Laura and Jeremy, you both need to begin equating MONEY (especially the size of a pastor’s salary) with power in the UMC. If a pastor earns more money than the District Superintendent, he/she has more power than the district superintendent. This means that the rich pastor can make appointments. I’ve seen it happen on several occasions. The rich pastor doesn’t need to bother with pastors who felt so called by God that they gave up their life-savings to attend seminary and struggled to get through the BOOM process. Instead, the rich pastor looks for some person to “mentor”; and hires that person to be on the church staff. Then the mentee can be commissioned to be the pastor of the second site. He or she is supported through seminary by working part-time at the new site while attending seminary or the course-of-study, and by getting paid a full-time salary as a new church start pastor (whose $50K salary package is paid for by conference church development funds).

    Money is power in the UMC. If a person earns more money than the bishop and district superintendent, he/she has more power than the district superintendent. Having NO upper salary limit for clergy is at the root of many problems in the UMC. Clergy compete for money/power/appointments, and do not cooperate in ministry. We absolutely reflect the capitalistic culture we live in.

    What would happen if one of our large church pastors decided to quietly give 90 percent of his salary directly to the poor? (Most could certainly do so and could live comfortably off of their savings for the rest of their lives.) I would have a new respect for such a follower of Jesus Christ.

  9. says

    In 2005 Barna associate Thom Black made an audio presentation to the National House Church Conference in Denver, Colorado. In that presentation, he shared research trends about the “revolutionary” change that is occurring in the Church. The presentation describes trends that bring warning of a potential massive exodus of highly committed church members from all churches, including the superstar evangelical megachurches, by the year 2020. If trends continue, only a third of highly committed Christians will practice their faith within a local church.

    If true, only ONE THIRD will remain … and the “highly committed” will be gone. The presentation can be downloaded here:

    I encourages folks to listen and decide for themselves. It’s very important to understand the symptoms of these downward trends, but beyond this understanding lies the more difficult challenge of interpreting causes and developing solutions. Our USA ecclesiology is still stuck in the 1800s, but Wesleyan connectionalism shows great promise if adapted to the present day, as it has in third world disciple making movements such as CPM, T4T and the gigantic cell churches.

  10. Renee says

    A thought about the appeal of this model: Has it ever been noted that the itinerant system is no longer unique to UMC pastors? We are all essentially itinerant. Very few professionals expect to remain in the same job, or even the same place, for their whole careers. How many people under the age of 40 do you know who get a job, get married, have a baby, buy a house and say “Okay, here’s where we live and work for the next 50 years”? I can only think in terms of 5 years – maybe 10 but that’s stretching it. I’m committed to a church right now but there’s a good chance that we will relocate at some point – as is true for our fellow young adults. There is a senior adult class at our church that still has the same members who formed the class as young couples. I doubt our young adult class will remain intact in 2060. If that is the case there is little guarantee that our church will have much continuity over the upcoming decades. So while I don’t approve of personality-driven churches with mega-pastors who oversee church colonies I do understand the appeal. At least the model provides some consistency in the midst ever changing 21st-century life.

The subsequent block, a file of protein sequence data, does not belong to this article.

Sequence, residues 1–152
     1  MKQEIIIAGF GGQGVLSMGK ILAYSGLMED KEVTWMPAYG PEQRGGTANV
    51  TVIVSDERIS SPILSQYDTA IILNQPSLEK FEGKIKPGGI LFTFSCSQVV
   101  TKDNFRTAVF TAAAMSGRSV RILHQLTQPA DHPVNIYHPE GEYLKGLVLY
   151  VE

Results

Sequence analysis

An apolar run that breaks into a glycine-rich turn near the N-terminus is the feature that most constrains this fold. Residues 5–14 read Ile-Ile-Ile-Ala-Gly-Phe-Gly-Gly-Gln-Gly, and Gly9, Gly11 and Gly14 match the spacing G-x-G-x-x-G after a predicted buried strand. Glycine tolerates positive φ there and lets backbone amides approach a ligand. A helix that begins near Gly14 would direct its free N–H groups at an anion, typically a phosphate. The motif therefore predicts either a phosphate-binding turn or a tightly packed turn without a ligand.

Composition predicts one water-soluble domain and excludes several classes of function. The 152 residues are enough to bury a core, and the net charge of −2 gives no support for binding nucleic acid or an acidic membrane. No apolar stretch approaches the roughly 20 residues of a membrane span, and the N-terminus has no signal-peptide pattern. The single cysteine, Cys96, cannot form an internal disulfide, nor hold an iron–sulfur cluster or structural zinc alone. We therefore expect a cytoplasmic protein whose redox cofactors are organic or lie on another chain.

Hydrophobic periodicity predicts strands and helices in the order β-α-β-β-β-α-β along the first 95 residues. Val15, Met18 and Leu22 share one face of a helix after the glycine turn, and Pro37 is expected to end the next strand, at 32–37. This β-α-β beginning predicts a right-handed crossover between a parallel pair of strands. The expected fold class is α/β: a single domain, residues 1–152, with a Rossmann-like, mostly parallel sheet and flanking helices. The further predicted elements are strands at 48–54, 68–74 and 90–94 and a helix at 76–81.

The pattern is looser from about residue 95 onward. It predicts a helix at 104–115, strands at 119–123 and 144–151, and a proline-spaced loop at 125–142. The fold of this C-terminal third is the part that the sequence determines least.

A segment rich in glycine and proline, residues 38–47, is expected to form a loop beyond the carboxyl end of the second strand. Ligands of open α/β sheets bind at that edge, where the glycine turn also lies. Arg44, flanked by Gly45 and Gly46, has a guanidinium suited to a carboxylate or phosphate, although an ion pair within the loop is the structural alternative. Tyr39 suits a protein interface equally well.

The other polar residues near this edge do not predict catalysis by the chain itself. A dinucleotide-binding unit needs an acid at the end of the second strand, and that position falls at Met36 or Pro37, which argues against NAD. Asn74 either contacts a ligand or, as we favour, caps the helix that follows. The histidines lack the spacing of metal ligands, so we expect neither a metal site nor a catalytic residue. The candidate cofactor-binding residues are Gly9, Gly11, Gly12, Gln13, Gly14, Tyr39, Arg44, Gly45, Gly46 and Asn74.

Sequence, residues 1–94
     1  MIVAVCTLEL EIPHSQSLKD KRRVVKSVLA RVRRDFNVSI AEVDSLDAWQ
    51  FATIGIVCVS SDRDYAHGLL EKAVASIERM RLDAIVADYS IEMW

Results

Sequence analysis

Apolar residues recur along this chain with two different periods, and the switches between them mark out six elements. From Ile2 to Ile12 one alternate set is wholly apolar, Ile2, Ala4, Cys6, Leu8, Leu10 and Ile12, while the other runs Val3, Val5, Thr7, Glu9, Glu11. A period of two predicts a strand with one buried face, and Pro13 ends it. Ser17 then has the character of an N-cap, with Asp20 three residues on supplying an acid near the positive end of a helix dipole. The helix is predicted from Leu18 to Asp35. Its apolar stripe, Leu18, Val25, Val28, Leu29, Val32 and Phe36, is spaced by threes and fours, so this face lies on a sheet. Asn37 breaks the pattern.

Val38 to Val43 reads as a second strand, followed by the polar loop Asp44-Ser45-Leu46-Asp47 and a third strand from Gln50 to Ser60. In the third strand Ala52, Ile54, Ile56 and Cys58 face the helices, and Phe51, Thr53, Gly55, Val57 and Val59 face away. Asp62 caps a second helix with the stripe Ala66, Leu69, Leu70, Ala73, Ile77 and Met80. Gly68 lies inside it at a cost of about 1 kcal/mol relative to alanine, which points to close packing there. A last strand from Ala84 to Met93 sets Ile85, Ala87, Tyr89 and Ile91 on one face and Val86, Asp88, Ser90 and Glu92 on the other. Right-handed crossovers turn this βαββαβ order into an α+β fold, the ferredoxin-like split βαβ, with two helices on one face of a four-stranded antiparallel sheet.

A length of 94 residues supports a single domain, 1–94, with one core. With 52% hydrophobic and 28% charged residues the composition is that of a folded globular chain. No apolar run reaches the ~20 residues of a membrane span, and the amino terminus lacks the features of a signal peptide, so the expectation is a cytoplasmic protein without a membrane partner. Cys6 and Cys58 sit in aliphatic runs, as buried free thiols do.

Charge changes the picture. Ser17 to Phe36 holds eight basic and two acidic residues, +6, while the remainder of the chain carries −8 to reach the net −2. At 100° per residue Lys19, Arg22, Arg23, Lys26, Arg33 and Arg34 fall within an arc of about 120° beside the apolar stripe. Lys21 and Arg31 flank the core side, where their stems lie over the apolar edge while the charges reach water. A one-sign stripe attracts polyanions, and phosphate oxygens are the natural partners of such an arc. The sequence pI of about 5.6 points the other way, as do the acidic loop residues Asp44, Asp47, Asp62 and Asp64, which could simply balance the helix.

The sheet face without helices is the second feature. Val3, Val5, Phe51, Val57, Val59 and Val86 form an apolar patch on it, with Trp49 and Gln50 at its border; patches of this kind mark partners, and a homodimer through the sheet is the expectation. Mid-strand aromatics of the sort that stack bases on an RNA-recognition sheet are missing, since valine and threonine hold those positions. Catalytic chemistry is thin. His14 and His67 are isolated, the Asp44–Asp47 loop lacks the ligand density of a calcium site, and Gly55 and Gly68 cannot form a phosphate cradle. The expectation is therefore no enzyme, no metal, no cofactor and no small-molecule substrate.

11. says

    Dwight L Moody met a lady discontent with his method of evangelism in the 19th century as she complained, “Dr. Moody I deplore your method of evangelism.” His response, “My friend what is your method of evangelism?” She replied, “I have none”. Dr. Moody stated, “I prefer my method, which could be improved upon, over you method of no-evangelsim”.
    My dear friends, “what is your method of reaching those who are far from God?” What is your method of reaching the most unchurched generation in America today? Only 10% of those 16 to 31 are attending worship in any church in America. 15 years ago Christ Church had 150 in worship in a store front. Today over 4500 persons worship at Christ Church at one of our four campuses and through our internet campus. Two of our campuses the D.S. asked us to consider merging as the churches were dying and going to be sold! What would you have done? We prayed and felt led to turn the facilities of a dying church into vibrant worship centers to reach the unchurched! One now has over 200 and the other over 400 each weekend! Again, “What is your method of evangelism?”
    I know Adam Hamilton, Mike Slaughter and Jorge Acevedo personally. Their hearts are to reach those who are far from God and help them become disciples of Jesus Christ. There is no “take-over” mindset in their thoughts or actions. They want to see every local church to be a vital witness for Christ. All four of us speak regularly to existing churches, districts and annual conferences to help existing churches Make Disciples.
    Why can’t we celebrate resurrection? The four of us have sought nothing more than to revitalize existing churches and begin new worshipping communities to reach people for Christ through Wesleyan faith and practice.
    I will be interested to hear your methods of evangelism in your local communities. Your servant in Christ, Charles